Aug 13 - Blog: Groovitude Randomness
Blog : Groovitude Randomness
I hope this doesn’t come out too similar to Larry King’s old USA Today rants, but there’s so many thoughts going through my head about wrestling these days. Whether I am watching Smackdown from last Friday, or King of the Ring from 2001, there seems to be lots of interesting topics to write about. I am sure some of these subjects should be explored in full at a later date, however right now I just want to blast through some of them in a quick summary. I am hoping to get some replies to use in a column soon to bring back “Readers Response” or whatever I was calling my columns where I discussed wrestling in an almost Ann Landers style article. So if you ever wanted to be in a column, or blast the shit out of the best writer on LOP today and get it quoted by me, now’s your chance. I would ask that you email your response to me, and include quotes from my column to help me reference what you’re discussing. But I’ll also sift through the sludge of the Intense Debate comment section.
I was excited to get to 2001 in my chronological revisit through past WWF Pay Per Views due to nostalgia, but it’s such a let down now at 31 years old in 2013. While the Invasion storyline had a lot of pros and cons, I’ve realized how not only did they fuck up the angle in general, but they fucked up a lot of careers in the process. DDP was a tremendous heel character in WWF for the 3 months he was relevant. Sadly, they wasted it with non-stop losses to the Brothers of Destruction in some manner. I am starting to think that WWF’s mismanagement of Page led to his early retirement.
One guy who does stand out as being used well was Rhyno. I know he might not be the best talent to ever cross over from ECW, but he’s the type of guy I could see being a decent hand in WWE today. Not in a main event capacity, but he’s versatile, and would be the type of midcarder who’d be great to work with the newer talents to get them established. Besides, out of all the Spears we’ve seen in WWE, Rhyno’s Gore still seems to the the best. Give him a 1 year contract, and let him put over Curtis Axel, Antonio Cesaro and Wade Barrett. Or make him a Paul Heyman guy, and put over Cody Rhodes, The Miz, and Sheamus.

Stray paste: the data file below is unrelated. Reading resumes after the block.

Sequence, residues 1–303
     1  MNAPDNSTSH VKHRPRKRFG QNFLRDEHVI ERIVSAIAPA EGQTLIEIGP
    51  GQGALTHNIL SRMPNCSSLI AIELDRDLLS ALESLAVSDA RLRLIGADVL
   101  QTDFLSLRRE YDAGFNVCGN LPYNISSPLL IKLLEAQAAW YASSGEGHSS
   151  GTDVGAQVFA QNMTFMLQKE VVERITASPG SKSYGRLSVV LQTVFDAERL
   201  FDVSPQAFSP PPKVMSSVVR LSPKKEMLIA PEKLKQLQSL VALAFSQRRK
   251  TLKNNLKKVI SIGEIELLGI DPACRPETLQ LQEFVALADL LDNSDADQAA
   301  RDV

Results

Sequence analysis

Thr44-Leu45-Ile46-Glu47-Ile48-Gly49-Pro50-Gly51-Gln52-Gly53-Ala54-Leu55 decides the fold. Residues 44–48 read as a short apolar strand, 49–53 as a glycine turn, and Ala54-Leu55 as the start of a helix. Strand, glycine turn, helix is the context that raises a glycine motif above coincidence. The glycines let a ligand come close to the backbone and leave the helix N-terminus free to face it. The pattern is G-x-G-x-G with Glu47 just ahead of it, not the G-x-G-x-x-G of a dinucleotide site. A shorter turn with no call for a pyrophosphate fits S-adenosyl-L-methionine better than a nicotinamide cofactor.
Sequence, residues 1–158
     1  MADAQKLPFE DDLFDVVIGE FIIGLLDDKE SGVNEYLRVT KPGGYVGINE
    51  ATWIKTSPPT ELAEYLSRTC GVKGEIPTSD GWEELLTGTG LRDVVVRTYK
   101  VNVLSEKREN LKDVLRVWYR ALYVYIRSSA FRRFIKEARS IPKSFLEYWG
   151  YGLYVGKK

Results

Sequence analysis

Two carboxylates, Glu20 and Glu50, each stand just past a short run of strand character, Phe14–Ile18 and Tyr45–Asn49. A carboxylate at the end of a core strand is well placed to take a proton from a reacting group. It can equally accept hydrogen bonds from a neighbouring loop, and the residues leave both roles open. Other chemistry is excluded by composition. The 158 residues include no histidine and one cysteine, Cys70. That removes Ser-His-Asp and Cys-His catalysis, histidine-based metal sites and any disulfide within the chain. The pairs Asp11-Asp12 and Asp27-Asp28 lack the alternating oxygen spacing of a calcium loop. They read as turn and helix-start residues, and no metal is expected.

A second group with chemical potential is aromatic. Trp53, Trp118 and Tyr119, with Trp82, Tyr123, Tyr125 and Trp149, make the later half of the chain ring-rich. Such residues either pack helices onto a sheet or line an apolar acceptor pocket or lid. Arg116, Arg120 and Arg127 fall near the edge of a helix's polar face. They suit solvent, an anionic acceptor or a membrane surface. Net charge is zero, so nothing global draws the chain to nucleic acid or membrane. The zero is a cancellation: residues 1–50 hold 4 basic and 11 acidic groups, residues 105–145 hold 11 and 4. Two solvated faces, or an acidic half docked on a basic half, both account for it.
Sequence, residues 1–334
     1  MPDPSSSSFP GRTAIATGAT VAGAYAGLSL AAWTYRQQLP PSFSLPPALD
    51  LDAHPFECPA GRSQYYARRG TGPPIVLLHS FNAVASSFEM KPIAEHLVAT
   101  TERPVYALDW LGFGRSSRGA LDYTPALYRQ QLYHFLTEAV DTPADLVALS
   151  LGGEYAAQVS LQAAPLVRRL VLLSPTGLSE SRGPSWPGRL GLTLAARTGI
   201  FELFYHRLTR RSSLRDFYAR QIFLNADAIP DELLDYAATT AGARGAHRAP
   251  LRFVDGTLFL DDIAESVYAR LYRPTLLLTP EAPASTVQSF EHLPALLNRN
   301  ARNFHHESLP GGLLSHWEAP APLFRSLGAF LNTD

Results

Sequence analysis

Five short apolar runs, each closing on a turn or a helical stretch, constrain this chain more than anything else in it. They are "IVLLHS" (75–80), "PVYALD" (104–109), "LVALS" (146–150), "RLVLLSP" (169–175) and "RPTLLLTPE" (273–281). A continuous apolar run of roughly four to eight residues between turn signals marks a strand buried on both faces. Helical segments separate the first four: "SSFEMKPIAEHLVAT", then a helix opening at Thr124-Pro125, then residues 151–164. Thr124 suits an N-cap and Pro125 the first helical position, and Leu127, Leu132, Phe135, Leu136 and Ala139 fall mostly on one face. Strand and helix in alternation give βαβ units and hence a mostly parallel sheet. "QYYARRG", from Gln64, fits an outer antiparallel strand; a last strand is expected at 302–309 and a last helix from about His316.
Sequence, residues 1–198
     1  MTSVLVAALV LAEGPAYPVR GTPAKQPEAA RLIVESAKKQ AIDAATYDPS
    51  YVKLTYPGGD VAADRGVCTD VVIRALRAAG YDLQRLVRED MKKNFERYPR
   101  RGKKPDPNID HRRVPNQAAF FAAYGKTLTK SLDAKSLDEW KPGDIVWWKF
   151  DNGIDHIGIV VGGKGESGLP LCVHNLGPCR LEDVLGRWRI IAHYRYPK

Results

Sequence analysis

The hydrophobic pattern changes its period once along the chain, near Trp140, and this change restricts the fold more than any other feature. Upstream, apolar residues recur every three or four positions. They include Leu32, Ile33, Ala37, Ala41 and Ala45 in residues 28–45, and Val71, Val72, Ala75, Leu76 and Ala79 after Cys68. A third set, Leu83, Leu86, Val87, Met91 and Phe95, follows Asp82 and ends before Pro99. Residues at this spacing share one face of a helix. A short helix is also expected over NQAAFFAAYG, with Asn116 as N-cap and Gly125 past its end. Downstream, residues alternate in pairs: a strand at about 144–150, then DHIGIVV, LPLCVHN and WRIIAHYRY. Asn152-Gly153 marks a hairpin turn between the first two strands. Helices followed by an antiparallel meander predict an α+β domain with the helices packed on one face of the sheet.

The Invasion was also a great example of why a Cena heel turn can work. With Rock out, Austin turned heel for most of the year. HHH was injured early into this run, and the WCW Invasion kicked in. When people talk about Cena not being able to turn because there’s no top face to replace him, I always shake my head at this lunacy. There’s been plenty of periods where there wasn’t a top face, and the Invasion was one of them. Kurt Angle ended up getting an amazing rub and push to the top because of that void Austin left once he turned. As amazing as Angle’s rookie year was, he wasn’t nearly as talented as he would show in 2001, showing versatility in the ring and as a character. Who knows who could step up while Cena wears a black hat and find their stride in a main event position? And, just like in 2001, if it doesn’t work, Cena can turn face just as easily. This isn’t a call for a Cena heel turn, merely debunking one of the common reasons people give for it not happening.
The unpopular (online) Irishman is out for 4-6 months apparently. I know I just gave an example of how an injury can give room for another star to step up, but it’s always a shame when a great talent is out of action. There is so much potential in Sheamus. I think that’s why I’m so forgiving of his recent character. It’s not the perfect persona, but it’s well played and over with a majority of the fans most of the time. He delivers great wrestling in the ring for us complaining IWC guy, and delivers a very kid friendly character for the younger audience to get behind. Unfortunately. he can’t have it both ways, and his mic work has turned off a few of the more vocal online fans.